Before I had even taken my seat at the Donmar, I'd spoken to two actors and shaken Lenny Henry's hand. It's all part of the Donmar's transformation for the Bruce Norris adaptation of Brecht's play - The Resistible Rise of Arturo Ui. The stalls - stage and seating - have been removed and replaced to create a space decked out as a late night jazz cafe complete with wooden tables and chairs to fit the new setting of prohibition era Chicago.
The cast mingle with the audience as they arrive in the building and then in the theatre chatting as if you are cafe customers. The reason behind some of the conversations only becomes apparent as the play properly starts - PolyG and I were asked by Lenny Henry's Arturo Ui if we'd stand up when he requested during the play, naturally we agreed. If you are sat at the front - even in the circle - you may be roped in.
In Norris' adaptation our Brechtian villain is a gangster who wants respect as well as power and will be as ruthless as he needs to be to get there. However this is a far less intimidating Arturo than I have seen in other adaptations. The fact that his protection racket targets grocers and in particular the cauliflower importers and sellers gives you a taste of the tone.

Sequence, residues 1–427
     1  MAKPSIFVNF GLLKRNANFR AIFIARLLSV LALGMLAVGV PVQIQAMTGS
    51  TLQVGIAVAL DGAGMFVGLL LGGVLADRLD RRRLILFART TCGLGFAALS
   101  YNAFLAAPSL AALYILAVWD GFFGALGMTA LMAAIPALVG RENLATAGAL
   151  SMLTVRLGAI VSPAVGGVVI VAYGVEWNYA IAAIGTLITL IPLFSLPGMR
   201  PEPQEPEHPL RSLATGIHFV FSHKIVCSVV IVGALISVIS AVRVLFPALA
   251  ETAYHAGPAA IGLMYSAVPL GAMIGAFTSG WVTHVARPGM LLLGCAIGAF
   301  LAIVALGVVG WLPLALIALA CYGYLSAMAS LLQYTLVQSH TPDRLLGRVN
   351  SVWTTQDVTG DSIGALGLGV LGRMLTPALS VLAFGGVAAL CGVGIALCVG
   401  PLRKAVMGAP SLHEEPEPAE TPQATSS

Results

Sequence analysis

It is an Arturo Ui which is frothy and fun, with unsubtle references to Donald Trump and blatant parallels with the likes of Richard III - Norris also manages to weave in excerpts from several other Shakespeare plays including 'To be or not to be'. There are also tantalising snatches of popular songs sung live in a lounge jazz style, it becomes a game of name that tune - try and guess the song from a verse or two of familiar lyrics sung in an unfamiliar way. Nat King Cole's Nature Boy gets its second stage outing in as many years too (it was the song playing at the start of Benedict Cumberbatch's Hamlet).
Lenny Henry's Arturo is less menacing, more of a lovable rogue who happens to have people killed and that pretty much sums this up. It is a production weighted a more towards silliness than biting satire but that isn't a criticism because it was laugh out loud funny and had me grinning so I'm giving it four and a half stars.
It's two hours and 55 minutes long including an interval and is at the Donmar Warehouse until 17 June.